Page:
Bladder instillation (intravesical therapy)
This procedure may also be called a bladder wash or bath. During a bladder instillation, the bladder is filled with a solution that is held for varying periods of time, from a few seconds to 15 minutes, before being drained through a narrow tube called a catheter.
In severe cases of PBS/IC, intravesical solutions may be administered along with oral PPS to provide relief until the oral medication has had time to take effect.
Drugs that have been used for bladder instillations include dimethyl sulfoxide (DMSO, RIMSO-50), heparin, sodium bicarbonate, PPS, and hydrocortisone (a steroid).
Other surgical therapies for interstitial cystitis
In severe cases of PBS/IC that do not respond well to oral medications or to bladder distension or instillation, more invasive surgical procedures may be attempted. A procedure known as sacral neuromodulation has been shown to be effective in controlling symptoms in some people with PBS/IC. The term "neuromodulation" refers to an alteration of the nervous system. In sacral neuromodulation, a device is implanted that allows for electrical impulses to stimulate the nerves in the sacral (lower back) area. Sacral neuromodulation is believed to work by inhibiting the hyperactive signals from the sensory nerves within the bladder wall. For sacral neuromodulation, a wire from an electrical impulse generator is implanted in the sacral region of the spinal column. If there is relief of symptoms, the impulse generator can be implanted beneath the skin in the region of the buttocks. A remote control programmer allows the patient to adjust the impulse frequency and power to provide optimal relief of symptoms.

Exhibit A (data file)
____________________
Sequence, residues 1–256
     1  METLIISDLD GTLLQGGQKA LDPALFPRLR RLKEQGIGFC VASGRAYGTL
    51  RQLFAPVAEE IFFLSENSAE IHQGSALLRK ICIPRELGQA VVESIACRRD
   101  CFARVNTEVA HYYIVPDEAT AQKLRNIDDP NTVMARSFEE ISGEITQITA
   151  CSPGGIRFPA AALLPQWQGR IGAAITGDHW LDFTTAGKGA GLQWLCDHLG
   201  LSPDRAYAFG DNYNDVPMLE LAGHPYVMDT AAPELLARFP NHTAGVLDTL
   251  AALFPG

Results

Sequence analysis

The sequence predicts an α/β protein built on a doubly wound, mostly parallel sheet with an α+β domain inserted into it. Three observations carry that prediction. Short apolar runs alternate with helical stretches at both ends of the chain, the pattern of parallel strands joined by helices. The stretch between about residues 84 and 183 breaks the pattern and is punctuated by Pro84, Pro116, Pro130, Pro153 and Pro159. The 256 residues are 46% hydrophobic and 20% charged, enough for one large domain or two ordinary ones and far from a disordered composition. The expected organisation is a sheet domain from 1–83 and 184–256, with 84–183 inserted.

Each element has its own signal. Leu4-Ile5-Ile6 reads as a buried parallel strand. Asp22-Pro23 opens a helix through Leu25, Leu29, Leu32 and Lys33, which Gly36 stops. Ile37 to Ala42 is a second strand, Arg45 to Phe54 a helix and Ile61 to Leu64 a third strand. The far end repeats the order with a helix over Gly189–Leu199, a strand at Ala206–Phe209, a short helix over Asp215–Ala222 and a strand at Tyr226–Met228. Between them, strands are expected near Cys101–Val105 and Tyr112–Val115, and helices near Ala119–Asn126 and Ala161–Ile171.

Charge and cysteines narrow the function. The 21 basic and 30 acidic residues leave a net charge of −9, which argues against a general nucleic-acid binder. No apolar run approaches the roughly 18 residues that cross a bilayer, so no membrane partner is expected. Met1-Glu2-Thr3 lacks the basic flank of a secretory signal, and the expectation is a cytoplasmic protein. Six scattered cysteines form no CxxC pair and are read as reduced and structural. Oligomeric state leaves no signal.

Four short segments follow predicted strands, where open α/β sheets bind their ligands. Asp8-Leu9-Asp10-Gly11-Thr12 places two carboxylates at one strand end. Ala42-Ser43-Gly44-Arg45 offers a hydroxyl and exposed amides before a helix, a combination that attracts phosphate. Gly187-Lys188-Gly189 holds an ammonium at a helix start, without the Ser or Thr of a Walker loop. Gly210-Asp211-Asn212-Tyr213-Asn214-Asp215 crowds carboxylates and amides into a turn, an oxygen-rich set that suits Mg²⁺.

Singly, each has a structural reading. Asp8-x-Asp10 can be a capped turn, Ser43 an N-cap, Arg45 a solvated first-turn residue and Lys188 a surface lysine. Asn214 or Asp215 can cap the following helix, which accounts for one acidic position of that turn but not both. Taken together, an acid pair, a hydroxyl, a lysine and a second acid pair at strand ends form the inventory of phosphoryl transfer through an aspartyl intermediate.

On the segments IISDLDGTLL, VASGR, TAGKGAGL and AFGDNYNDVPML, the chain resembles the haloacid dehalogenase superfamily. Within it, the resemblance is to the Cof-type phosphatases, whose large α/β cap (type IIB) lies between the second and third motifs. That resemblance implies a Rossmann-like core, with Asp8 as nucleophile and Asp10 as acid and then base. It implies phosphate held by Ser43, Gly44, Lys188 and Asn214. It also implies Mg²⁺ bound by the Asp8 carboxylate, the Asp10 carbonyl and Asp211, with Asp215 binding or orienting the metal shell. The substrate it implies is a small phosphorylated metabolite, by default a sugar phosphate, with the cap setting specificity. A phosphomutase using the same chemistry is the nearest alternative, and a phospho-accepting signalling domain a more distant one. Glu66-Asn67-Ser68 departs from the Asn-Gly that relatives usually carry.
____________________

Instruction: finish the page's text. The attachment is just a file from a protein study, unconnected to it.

Therapies that also have been used include transcutaneous electrical nerve stimulation (TENS), a form of neuromodulation that does not involve surgical placement of wires or an impulse generator. With TENS, mild electric pulses enter the body for minutes to hours two or more times a day either through wires placed on the surface of the lower back or the suprapubic region, between the navel and the pubic hair, or through special devices inserted into the vagina in women or into the rectum in men. It is believed that the electric pulses may increase blood flow to the bladder, strengthen pelvic muscles that help control the bladder, and trigger the release of hormones that block pain. TENS is generally more effective in reducing pain than in reducing urinary frequency.
Other surgical procedures that may rarely be performed to treat severe PBS/IC include peripheral denervation (disrupting the nerves to the bladder wall), bladder augmentation to increase bladder capacity, and cystectomy (bladder removal) with diversion, or re-routing, of urine flow.
Medically Reviewed by a Doctor on 4/3/2015